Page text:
Payments for Medically Directed Anesthesia Services Should Be Reduced
HRD-92-25: Published: Mar 3, 1992. Publicly Released: Mar 3, 1992.
- Full Report:
Pursuant to a legislative requirement, GAO reviewed whether: (1) payments to anesthesiologists are excessive for services provided when they concurrently direct certified registered nurse anesthetists (CRNA); and (2) reduced payments resulting from the Omnibus Budget Reconciliation Act (OBRA) of 1987 have affected the use and employment of CRNA.
GAO found that: (1) Medicare is providing an economic incentive for medically directed anesthesia, since it pays more for cases that involve medical direction of CRNA and residents than for cases where the anesthesiologist provides the service; (2) anesthesiologists received higher Medicare payments when they medically direct residents than when they personally provide anesthesia services or direct CRNA, since most Medicare carriers use 15-minute service intervals for time units when anesthesiologists direct residents and 30-minute intervals for direction of CRNA for the same medical procedures; and (3) the act had no discernible effect on CRNA use or employment because there is a nationwide CRNA shortage and decisions to use an anesthesiologist, a CRNA, or both are often dictated by the local availability of those professionals.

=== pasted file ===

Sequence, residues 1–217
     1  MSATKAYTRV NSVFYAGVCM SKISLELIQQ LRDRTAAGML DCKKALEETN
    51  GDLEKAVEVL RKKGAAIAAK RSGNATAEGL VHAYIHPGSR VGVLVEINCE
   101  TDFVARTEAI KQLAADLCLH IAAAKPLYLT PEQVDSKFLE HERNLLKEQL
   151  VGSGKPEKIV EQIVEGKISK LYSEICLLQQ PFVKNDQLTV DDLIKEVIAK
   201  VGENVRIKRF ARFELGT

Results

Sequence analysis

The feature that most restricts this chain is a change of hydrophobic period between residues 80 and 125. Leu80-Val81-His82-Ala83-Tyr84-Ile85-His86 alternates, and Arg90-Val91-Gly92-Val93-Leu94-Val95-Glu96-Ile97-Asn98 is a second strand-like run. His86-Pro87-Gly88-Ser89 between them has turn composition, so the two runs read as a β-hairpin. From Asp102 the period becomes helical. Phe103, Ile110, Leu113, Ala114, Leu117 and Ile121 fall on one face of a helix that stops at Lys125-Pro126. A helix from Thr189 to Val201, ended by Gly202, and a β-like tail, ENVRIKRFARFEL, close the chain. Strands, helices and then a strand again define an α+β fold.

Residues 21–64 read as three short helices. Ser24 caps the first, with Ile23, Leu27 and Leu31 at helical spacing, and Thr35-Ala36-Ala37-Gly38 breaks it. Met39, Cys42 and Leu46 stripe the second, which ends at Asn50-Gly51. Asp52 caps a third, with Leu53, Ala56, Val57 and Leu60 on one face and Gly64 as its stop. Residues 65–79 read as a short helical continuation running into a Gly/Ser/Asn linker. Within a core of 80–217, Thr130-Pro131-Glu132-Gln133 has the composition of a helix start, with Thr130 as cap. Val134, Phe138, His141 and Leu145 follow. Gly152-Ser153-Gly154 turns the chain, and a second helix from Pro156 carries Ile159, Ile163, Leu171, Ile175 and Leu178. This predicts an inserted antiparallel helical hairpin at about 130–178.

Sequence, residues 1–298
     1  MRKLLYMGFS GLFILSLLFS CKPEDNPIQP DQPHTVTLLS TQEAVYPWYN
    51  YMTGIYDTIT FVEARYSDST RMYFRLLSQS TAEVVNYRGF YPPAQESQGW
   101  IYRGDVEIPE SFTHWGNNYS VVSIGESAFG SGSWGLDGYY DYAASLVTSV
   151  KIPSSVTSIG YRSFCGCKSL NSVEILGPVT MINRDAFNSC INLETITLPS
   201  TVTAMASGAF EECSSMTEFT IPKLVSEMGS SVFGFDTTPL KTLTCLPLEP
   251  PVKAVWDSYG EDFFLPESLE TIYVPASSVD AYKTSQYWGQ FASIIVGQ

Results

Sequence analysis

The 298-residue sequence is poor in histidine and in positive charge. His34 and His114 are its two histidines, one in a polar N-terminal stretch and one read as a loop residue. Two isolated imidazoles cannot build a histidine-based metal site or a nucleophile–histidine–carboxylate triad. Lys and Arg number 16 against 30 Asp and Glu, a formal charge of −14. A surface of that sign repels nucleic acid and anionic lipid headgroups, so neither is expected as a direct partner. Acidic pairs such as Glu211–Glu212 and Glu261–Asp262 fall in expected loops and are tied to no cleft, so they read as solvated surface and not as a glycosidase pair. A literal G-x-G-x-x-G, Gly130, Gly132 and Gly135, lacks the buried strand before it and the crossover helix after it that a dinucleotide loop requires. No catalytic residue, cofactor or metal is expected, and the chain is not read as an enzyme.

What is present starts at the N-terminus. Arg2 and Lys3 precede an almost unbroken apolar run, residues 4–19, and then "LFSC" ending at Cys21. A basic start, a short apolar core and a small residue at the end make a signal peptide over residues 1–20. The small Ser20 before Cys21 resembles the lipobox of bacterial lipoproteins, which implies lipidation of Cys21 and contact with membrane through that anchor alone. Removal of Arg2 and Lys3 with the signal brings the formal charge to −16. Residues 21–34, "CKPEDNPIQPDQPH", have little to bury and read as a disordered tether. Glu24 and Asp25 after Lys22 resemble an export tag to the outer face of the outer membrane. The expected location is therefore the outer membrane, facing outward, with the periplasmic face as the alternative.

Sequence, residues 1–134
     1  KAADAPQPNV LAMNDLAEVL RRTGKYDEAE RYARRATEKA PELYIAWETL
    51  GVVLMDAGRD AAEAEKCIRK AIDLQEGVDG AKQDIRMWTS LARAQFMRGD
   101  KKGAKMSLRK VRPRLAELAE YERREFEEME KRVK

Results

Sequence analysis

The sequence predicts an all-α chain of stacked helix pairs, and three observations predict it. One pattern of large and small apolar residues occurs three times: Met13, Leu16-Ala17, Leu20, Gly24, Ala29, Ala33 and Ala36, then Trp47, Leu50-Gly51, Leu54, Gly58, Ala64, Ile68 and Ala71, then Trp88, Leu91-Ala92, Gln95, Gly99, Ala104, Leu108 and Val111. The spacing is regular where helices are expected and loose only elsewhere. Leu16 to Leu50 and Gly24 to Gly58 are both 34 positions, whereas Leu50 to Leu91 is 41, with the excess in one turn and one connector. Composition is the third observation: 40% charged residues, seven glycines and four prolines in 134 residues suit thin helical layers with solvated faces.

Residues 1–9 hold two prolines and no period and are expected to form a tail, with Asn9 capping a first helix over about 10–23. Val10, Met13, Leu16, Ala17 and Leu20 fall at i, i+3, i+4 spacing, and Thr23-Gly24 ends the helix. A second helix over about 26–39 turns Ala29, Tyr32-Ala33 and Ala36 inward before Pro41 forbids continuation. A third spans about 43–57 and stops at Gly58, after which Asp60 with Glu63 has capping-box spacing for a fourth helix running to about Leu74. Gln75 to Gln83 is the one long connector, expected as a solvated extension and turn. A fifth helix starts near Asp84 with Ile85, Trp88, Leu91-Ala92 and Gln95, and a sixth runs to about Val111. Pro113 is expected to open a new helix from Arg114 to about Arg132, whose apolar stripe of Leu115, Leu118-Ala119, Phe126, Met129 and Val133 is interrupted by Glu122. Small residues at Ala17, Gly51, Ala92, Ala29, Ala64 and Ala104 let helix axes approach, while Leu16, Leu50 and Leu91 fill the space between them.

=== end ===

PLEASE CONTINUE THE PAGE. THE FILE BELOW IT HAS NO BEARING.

Matter for Congressional Consideration
Status: Closed - Implemented
Comments: Section 13516 of OBRA will equalize payments for anesthesia services regardless of which personnel provide the service. The change is being phased in over a 4-year period.
Matter: Congress should amend the Social Security Act to limit Medicare payments for medically directed anesthesia services to the resource-based value that the Health Care Financing Administration establishes under the physician fee schedule.